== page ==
"Bid-rigging" – also known as collusive tendering – is regarded as among the most serious infringements of competition and antitrust law by competition authorities and courts worldwide. In the past few months alone, action has been taken against bid-rigging in Australia, Canada, the Czech Republic, Italy, South Africa and the United Kingdom.

Indeed, the only successful criminal prosecution ever to have been made under Britain's criminal cartel offence related to bid-rigging1. The bid-rigging in that case related to the supply of "marine hoses", which are used in the oil sector for transporting oil between tankers at sea and storage facilities.

What is bid-rigging? And what is so bad about it? The answer to these questions reveals something fundamental about the essence of competition law, and its primary concerns.

Bid-rigging arises where a customer, procuring goods or services, proposes to award the contract for those goods or services on a basis of a competitive tender. The competitive tender might be necessitated by laws requiring competitive tendering (e.g. the European Union's legislation on public procurement), or simply motivated by the desire of the customer to obtain the best value for money. Contracts typically put out for competitive tender include building works, especially on significant civil engineering projects, outsourced IT services, catering, cleaning, and so on. Customers are typically large organisations – and are often central or local governmental bodies, for whom the competitive tender is run to ensure that tax payers enjoy the best value for money.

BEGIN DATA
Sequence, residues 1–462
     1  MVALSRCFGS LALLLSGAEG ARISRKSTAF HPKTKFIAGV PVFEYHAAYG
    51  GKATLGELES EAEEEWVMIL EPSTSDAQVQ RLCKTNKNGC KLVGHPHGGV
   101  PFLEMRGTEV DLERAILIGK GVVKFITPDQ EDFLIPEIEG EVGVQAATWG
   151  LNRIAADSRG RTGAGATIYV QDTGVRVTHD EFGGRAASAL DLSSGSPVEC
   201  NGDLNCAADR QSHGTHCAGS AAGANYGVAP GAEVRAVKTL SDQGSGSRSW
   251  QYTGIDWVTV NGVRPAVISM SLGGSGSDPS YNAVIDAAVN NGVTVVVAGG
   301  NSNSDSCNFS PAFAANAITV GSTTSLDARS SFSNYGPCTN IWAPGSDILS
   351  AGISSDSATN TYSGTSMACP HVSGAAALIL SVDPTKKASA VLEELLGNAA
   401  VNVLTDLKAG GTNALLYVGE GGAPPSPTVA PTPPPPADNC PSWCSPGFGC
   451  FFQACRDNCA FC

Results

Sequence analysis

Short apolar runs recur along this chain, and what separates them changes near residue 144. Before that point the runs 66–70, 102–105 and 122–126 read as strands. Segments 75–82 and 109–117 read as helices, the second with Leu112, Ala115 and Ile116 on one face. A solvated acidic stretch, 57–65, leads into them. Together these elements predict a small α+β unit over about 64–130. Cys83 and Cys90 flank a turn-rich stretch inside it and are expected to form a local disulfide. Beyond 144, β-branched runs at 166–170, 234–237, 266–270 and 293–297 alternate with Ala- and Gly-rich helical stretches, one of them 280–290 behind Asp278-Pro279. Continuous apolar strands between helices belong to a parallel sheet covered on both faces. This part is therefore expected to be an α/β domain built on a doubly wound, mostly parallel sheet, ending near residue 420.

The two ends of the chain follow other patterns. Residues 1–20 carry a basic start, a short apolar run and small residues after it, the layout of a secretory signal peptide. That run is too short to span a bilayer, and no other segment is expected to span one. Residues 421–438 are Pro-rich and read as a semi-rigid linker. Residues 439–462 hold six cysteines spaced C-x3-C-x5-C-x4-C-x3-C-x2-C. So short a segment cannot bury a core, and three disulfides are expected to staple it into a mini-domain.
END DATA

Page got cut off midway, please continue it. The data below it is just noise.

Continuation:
Bid-rigging arises when some or all of the bidders in a competitive tender attempt to frustrate the purpose of the competitive tender by limiting the degree of competition in it. They might, for example, agree between themselves not to submit tenders below a certain price; or inform each other of the prices at which they intend to submit tenders; or engage in "market sharing" by agreeing which of them will submit "winning" (i.e. competitively-priced) tenders for particular contracts, so that the range of contracts over a period is effectively carved up between them.

Recent action against bid-rigging

It is indicative of the seriousness with which bid-rigging is viewed under competition law that, even in the past few months alone, there have been cases of action being taken against bid-rigging by authorities and courts across the world.

  • Czech Republic: The regional court of Brno issued a judgment upholding fines that had been imposed by the Czech Competition Authority on five companies who had participated in a bid-rigging arrangement. The total fines amounted to 4.9 million Czech koruna (about £160,000, or €190,000, or US $250,000). The five companies had coordinated their conduct in public tenders for contracts to be awarded by the Czech defence ministry, by agreeing on the bidding price that they each offered.
  • South Africa: 15 major construction companies were investigated by South Africa's Competition Commission for collusive tendering. In settlement agreements before the Competition Tribunal, the 15 companies admitted their illegal conduct, and agreed to pay substantial fines – for example, Basil Read agreed to pay a fine of 94 million rand (about £6 million, or US $9.3 million, or €7 million). That is by no means the end of the companies' exposure: there have been numerous indications from customers, including governmental bodies, that they intend to pursue civil damages against the companies concerned.
  • Italy: In June 2013, Italy's competition authority launched an investigation against six companies active in the sewage disposal sector in northern Italy. The authority alleges that the companies engaged in bid-rigging by agreeing not to compete for various tender procedures in sewage disposal, allocating between themselves tenders in the Lombardy and Piedmont regions of northern Italy by way of (i) agreeing to abstain from taking part in specific tenders, (ii) submitting identical economic bids in tenders and (iii) competitors submitting joint tenders2.